The African Court on Human and Peoples’ Rights delivered its judgment in the matter of Rev. Christopher Mtikila v. The United Republic of Tanzania.
The case was brought to the African Court as a result of a civic engagement exercise undertaken by students attending the spring 2012 semester program in Tanzania from The College of Global Studies at Arcadia. Along with two other African lawyers, Roland Adjovi, human rights lawyer and Arcadia University Academic Director for programs in Tanzania, represented Reverend Christopher R. Mtikila.
The Court found that the requirement enshrined in the Constitution of Tanzania that all persons running for Presidential, Parliamentary and Local elections be a member of and/or be sponsored by a political party, violates the provisions of the African Charter on Human and Peoples’ Rights and the International Covenant on Civil and Political Rights.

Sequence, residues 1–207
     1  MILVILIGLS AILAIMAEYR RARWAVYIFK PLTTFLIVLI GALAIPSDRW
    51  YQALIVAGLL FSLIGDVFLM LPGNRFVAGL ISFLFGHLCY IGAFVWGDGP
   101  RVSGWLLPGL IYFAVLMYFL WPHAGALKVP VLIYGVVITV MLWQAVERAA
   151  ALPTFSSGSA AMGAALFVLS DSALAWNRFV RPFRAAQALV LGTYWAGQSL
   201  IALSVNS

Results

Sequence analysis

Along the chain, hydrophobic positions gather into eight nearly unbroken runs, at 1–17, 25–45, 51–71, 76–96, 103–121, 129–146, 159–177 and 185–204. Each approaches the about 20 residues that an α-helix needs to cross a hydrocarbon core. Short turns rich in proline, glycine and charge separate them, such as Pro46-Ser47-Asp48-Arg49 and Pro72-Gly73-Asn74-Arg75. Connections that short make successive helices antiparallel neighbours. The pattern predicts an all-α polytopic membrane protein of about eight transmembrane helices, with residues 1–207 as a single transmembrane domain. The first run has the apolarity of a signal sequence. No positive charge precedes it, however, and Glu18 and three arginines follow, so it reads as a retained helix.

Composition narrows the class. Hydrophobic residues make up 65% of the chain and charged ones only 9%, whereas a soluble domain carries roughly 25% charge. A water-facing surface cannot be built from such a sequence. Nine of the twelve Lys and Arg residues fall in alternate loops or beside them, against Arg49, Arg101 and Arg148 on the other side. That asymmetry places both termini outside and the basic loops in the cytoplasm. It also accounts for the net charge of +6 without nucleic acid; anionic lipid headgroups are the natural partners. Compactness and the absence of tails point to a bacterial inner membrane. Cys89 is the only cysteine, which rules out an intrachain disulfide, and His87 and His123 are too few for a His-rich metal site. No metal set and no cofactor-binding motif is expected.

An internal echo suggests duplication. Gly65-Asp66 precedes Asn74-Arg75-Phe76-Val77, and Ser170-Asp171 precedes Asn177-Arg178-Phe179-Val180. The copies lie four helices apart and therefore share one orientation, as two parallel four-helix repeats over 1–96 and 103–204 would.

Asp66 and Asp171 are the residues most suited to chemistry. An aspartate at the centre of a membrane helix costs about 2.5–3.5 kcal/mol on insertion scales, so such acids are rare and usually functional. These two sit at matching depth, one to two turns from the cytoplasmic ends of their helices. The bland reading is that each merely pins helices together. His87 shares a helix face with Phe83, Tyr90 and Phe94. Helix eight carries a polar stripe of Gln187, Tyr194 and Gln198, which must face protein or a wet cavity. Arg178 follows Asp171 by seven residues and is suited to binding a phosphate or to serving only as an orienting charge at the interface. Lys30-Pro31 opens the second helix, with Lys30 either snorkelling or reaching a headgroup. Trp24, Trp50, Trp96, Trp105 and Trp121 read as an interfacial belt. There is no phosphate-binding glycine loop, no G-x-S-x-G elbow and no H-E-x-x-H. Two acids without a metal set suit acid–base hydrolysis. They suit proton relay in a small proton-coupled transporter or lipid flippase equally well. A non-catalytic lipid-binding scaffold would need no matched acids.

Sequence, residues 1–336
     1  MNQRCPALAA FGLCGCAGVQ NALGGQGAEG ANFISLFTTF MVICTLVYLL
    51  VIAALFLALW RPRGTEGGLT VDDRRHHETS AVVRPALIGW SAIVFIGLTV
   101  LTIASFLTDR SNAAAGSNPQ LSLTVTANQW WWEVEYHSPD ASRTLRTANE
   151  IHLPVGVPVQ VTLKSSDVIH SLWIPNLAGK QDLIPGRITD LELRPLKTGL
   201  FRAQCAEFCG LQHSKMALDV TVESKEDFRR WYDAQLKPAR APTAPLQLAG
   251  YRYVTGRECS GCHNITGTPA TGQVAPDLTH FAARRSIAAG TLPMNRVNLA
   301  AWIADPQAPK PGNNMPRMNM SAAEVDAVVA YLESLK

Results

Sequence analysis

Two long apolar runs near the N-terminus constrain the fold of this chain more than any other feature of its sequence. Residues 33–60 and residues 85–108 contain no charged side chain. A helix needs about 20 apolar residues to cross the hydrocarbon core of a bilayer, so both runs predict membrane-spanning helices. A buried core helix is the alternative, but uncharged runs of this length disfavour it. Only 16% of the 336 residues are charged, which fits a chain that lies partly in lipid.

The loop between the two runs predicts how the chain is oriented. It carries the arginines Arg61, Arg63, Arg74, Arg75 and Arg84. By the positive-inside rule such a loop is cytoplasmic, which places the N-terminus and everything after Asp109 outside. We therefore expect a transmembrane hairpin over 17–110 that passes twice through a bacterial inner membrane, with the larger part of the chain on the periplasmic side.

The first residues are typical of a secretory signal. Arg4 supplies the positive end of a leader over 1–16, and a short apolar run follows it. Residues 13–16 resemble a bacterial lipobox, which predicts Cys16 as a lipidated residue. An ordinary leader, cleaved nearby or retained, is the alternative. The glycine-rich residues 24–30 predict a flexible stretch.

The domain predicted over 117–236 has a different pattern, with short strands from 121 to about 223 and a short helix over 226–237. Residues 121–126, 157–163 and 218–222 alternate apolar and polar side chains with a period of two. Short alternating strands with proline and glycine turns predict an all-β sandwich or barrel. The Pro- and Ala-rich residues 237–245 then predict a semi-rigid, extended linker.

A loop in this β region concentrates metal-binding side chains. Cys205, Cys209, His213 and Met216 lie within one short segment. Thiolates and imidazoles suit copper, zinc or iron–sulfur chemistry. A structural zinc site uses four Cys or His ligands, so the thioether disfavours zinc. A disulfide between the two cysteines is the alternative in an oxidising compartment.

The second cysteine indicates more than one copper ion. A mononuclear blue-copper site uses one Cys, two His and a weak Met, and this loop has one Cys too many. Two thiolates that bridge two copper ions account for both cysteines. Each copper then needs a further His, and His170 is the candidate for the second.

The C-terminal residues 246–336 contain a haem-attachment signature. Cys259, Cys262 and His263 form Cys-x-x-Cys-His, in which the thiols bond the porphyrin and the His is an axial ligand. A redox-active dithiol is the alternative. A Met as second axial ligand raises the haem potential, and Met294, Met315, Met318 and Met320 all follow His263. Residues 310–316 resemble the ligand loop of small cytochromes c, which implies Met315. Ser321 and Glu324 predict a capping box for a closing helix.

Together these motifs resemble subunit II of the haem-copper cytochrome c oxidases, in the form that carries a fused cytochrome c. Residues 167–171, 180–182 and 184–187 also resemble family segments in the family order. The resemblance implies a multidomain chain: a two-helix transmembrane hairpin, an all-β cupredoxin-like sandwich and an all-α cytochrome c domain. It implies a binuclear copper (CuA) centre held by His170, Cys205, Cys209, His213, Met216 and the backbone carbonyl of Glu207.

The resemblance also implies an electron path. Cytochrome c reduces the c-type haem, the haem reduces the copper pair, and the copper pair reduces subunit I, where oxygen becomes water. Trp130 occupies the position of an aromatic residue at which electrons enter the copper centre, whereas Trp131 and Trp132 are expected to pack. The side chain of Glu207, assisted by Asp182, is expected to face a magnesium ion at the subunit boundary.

In its decision, the African Court “directed the authorities to take constitutional, legislative and all other necessary measures within a reasonable time to remedy these violations.”
The ruling has far reaching implications for numerous African countries where independent candidates for election are not allowed.
Adjovi and his legal opinions and writings are at the forefront of addressing human rights legal issues in East Africa. He has a strong background in working with African judicial and human rights organizations, including his experience as Senior Legal Officer within the Registry of the International Criminal Tribunal for Rwanda and as legal assistant for the Organization for African Unity.
His work has provided extraordinary learning opportunities for Arcadia students who studied abroad in Tanzania under Adjovi’s direction at the Arcadia Center for East African Studies.
Photo credit: UWANONE Jean-Pierre